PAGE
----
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Controversy Over Iraq Uranium Charge Leads to New Fingerpointing - 2003-07-12


The controversy over false claims made by President Bush early this year about Iraq's alleged efforts to acquire uranium in Africa has taken a new twist. The president now says remarks he used to help justify the war in Iraq were cleared by the CIA even though the White House now admits they were based on faulty intelligence. The controversy is leading to new fingerpointing within the administration as well as calls from members of Congress for whoever was responsible for the error to be fired.

Whatever news President Bush wanted to make on his visit to Africa was overshadowed by the ongoing controversy here in Washington about a statement he made in January, later found to be unsubstantiated, that Iraq had tried to acquire uranium in Niger.

"The British government has learned that the Saddam Hussein recently sought significant quantities of uranium from Africa," he said.

But in an exchange with reporters in Uganda, the president denied reports that the CIA had questioned the accuracy of the intelligence before he mentioned it in his State of the Union address. And he denied reports that the spy agency had advised against using it to bolster administration arguments that Iraq was developing weapons of mass destruction.

"I gave a speech to the nation that was cleared by the intelligence services and it was a speech that detailed to the American people the dangers posed by the Saddam Hussein regime," he said. "And my government took the appropriate response to those dangers and as a result the world is going to be more secure and more peaceful."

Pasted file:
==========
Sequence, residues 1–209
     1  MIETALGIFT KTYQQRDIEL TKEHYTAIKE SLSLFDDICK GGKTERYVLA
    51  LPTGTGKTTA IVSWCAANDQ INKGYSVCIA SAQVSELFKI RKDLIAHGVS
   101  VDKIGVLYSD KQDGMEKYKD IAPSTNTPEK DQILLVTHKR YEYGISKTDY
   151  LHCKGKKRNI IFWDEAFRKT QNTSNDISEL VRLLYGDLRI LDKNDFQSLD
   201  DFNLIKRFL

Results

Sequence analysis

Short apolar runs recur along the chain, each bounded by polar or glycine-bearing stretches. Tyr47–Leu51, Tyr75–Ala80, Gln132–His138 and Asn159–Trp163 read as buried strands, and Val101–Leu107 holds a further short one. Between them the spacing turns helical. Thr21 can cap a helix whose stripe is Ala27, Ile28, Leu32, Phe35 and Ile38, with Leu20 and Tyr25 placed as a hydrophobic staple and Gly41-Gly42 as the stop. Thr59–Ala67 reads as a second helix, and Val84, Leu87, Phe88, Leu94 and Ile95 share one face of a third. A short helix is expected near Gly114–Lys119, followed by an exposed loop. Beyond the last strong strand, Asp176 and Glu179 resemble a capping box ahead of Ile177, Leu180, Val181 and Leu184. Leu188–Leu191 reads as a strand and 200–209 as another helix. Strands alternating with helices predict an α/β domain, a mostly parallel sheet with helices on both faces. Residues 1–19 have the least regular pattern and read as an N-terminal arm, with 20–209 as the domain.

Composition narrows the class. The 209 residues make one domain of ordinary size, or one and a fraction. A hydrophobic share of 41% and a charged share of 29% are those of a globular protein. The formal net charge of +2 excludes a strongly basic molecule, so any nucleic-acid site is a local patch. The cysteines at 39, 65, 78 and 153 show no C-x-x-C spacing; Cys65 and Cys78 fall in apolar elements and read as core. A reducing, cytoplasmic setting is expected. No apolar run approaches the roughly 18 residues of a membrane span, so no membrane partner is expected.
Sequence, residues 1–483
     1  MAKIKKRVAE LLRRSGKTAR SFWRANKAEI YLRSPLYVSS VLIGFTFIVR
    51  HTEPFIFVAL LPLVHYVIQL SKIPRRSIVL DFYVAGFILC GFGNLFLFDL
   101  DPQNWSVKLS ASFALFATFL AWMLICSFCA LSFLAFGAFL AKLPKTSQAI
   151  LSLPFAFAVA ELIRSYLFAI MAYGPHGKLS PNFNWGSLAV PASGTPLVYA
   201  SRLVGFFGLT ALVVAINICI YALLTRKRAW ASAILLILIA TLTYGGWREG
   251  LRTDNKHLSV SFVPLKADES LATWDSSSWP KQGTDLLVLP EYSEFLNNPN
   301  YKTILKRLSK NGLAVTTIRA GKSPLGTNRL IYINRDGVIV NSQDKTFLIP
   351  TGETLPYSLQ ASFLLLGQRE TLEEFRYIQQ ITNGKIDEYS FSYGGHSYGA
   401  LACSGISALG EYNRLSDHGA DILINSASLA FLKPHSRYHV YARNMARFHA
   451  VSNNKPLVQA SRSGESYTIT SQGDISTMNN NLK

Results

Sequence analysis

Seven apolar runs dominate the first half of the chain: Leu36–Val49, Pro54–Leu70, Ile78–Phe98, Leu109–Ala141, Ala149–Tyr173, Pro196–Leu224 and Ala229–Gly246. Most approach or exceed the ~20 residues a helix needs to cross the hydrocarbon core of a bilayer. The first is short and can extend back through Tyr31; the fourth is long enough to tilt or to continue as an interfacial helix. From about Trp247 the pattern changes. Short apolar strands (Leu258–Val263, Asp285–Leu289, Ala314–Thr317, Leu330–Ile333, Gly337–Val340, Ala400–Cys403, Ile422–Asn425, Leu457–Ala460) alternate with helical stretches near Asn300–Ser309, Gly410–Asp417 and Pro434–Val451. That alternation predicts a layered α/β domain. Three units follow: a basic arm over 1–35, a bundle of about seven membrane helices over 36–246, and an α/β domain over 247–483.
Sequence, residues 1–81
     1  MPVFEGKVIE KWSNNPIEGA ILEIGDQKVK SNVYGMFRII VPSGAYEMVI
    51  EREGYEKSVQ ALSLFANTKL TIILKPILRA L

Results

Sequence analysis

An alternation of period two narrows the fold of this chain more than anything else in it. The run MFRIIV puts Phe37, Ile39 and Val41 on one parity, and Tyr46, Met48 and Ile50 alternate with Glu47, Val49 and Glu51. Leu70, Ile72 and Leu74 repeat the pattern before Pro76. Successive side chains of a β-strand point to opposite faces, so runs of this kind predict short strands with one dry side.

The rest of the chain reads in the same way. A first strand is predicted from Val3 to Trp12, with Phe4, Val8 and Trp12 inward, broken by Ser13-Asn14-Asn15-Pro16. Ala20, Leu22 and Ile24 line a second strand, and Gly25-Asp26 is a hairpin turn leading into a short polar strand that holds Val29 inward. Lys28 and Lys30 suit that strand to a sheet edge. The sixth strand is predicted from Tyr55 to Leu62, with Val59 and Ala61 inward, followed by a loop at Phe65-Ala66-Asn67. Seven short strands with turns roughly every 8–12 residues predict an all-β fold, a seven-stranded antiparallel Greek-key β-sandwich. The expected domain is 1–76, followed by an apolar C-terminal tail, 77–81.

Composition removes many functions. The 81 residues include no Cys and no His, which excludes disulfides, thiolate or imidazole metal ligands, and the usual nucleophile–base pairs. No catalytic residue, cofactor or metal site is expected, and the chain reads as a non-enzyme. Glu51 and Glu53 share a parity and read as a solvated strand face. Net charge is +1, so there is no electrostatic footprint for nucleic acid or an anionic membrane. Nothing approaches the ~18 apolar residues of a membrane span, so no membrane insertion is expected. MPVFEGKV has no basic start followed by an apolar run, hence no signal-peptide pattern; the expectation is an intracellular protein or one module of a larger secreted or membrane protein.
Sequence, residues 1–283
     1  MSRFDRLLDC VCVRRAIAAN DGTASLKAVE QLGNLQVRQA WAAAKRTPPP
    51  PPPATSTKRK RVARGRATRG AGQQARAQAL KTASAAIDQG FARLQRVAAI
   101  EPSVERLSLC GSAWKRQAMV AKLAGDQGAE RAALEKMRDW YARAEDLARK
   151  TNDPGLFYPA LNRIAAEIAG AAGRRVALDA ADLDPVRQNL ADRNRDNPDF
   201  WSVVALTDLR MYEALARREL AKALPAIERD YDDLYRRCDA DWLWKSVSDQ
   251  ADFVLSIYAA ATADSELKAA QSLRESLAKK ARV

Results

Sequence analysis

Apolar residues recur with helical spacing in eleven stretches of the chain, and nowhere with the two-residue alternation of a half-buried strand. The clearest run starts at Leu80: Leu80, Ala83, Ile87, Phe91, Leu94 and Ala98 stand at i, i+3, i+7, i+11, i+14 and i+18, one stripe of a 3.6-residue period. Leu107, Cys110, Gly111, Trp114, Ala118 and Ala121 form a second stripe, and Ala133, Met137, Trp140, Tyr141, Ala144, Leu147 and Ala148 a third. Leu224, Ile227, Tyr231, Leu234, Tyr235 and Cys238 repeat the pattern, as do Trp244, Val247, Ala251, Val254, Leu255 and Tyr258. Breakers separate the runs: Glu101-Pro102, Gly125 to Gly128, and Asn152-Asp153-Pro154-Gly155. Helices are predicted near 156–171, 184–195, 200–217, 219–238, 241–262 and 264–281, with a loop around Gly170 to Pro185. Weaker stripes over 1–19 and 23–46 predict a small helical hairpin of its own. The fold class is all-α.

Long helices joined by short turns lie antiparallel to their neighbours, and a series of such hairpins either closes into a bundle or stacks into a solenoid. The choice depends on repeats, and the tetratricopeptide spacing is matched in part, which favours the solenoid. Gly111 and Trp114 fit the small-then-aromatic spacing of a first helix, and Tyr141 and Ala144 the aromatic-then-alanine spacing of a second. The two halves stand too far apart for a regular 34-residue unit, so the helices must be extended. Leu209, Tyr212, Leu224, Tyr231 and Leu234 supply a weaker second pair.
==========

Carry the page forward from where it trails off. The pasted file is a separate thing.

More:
But the White House now admits what the president said was unsupported by intelligence.

"Everyone is pointing the finger at everyone else because it's an embarrassment," said Vince Cannistraro is a former head of counter-terrorism operations at the Central Intelligence Agency.

And, the controversy is raising new questions about how solid the administration's intelligence really was about Iraq's weapons of mass destruction before the war, given the fact that no banned chemical or biological weapons have since been found by coalition troops.

Congress is now holding hearings into the matter.

"What's at stake here is the credibility of the White House," said Democratic Senator Dick Durbin, joining Republican John McCain in demanding whoever was responsible for the error be fired.

"If we find out that it's true, we have to go to the highest levels," added Senator Durbin. "Some one at the White House has to be dismissed and I believe we have to have a full explanation for the American people."

Despite the Bush administration's continuing belief that Iraq possessed banned weapons, critics are using the issue to charge the United States and Britain overstated the Iraqi threat.

"It is now clear that Iraq was not an immediate threat to the United States that the Bush administration portrayed," said Daryl Kimball, who heads the nonpartisan Arms Control Association. "We, along with an increasing number of others, believe that the administration made its case for going to war by misrepresenting intelligence findings as well as citing discredited intelligence information."

CIA Director George Tenet is expected to face questions about the matter before Congress next week.

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